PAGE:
A couple of days later, the cold remained (just six degrees here). I had an idea to try some of the lower meadows along the Eaglecrest Road, but roadside parking was hard to find and the thought of plowing through deep snow, even on snowshoes, was daunting. So, on up the road to the Lower Loop, nicely groomed and unoccupied. The sun couldn’t make it up over the peaks, but ‘shoeing was easy.

There was not a live critter in sight but there were plenty of signs of life. A porcupine was into long-distance travel, heading straight across the meadow, not stopping to forage. Ermine had cruised all over the meadows in circuitous routes, looking for a juicy morsel. Snowshoe hare tracks were abundant, mostly under sheltering conifer branches or going from one shelter to another. Grouse or ptarmigan had been active, inspecting salmonberry and blueberry bushes for tasty buds and sometimes staying long enough to trample the snow flat. Except for a few squirrel marks, the smaller folk had left no signs on the surfacebut were no doubt active below.

A day or two later, it was still very cold. A group of friends strolled the dike trail, enjoying the bright sunshine as the sun crept over the peaks. A dusting of fluffy snow lay atop a snow crust. Several voles (I think) had made sorties out into the grassy areas, circling back to the trees or to holes under grassy tussocks; we noted at least seven of these trackways, well separated from each other. Looking through the chain-link fence and across a ditch, we saw tracks on a big snow drift that looked like Two-toes—but how could a deer walk up that crusty snow on those thin legs, without punching through, when humans (on our side of the fence) generally ended up post-holing?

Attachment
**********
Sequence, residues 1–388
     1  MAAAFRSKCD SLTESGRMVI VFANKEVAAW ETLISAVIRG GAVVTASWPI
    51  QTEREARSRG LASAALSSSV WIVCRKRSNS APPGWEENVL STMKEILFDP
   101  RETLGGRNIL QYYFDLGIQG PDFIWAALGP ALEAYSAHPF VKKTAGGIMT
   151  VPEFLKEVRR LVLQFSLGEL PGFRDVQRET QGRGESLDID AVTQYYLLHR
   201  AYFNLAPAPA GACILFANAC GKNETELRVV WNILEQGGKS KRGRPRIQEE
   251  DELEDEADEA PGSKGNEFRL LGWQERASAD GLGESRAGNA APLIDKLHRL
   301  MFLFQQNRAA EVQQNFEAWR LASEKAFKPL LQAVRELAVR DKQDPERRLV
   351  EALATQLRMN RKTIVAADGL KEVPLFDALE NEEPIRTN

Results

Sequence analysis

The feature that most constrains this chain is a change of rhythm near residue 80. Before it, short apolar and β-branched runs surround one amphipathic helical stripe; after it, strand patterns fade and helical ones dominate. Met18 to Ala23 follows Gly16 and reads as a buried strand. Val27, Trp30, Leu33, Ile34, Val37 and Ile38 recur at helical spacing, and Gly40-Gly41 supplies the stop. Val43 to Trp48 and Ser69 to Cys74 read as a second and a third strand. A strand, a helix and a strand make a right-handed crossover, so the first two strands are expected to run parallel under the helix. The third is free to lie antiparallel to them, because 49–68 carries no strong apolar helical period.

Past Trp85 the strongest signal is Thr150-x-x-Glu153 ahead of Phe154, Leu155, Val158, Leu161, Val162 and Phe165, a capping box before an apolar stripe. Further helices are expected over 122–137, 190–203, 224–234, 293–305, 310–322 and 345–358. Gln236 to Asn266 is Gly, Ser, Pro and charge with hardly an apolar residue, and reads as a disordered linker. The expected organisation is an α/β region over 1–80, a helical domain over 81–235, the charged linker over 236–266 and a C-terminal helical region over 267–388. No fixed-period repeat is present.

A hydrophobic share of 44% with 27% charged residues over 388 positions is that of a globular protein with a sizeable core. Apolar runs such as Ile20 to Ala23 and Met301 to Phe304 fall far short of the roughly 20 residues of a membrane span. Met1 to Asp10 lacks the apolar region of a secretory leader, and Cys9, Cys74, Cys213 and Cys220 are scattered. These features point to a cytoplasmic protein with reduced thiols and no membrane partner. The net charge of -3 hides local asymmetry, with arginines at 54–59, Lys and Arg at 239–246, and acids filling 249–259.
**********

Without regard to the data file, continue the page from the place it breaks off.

Here and there in August

meadows high and low, a snacking porcupine, and odd bear scat

Early in the month, a female mallard arrived on my pond with her late brood of three good-sized young ones, still wearing lots of down. A week later, they were well-feathered except for a distinguishing fuzzy patch of down on the rumps of the ‘kids’. At the end of the month, the kids were no longer fuzzy at all, but they still hung out with mom.

A trip with friends up to Cropley Lake in mid-August was a muddy one. But the meadows were studded with the flowers of swamp gentian and asters. Fish were rising in the lake; Dolly Varden are recorded to be resident in the lake, although a few might wash out downstream at high water. On the far side of the lake, we looked for the sky-blue broad-petaled gentian and found them on a gentle slope. The relatively rare yellow fireweed crowded a small drainage gully, a habitat it seems to like.

Broad-petaled gentian. Photo by David Bergeson

The next day, I cruised around Amalga Meadows near the Eagle Valley Center. The parking area was crammed with cars, but all the people from those cars were either up on the horse tram trail or at the new cabin. So I had the meadow to myself. The grasses were so tall that walking was not easy, except where a bear(?) had stomped through. Nagoon berries were ripe, hidden down in the tall grass, but bog cranberries were still green. The seeds of cotton grass were dispersing in long streamers from the seed-heads. Sweetgrass was seeding well. In part of the meadow, I had to watch my feet closely, so as not to step on the many tiny toadlets that scuttled to safety as they dispersed from their natal ponds.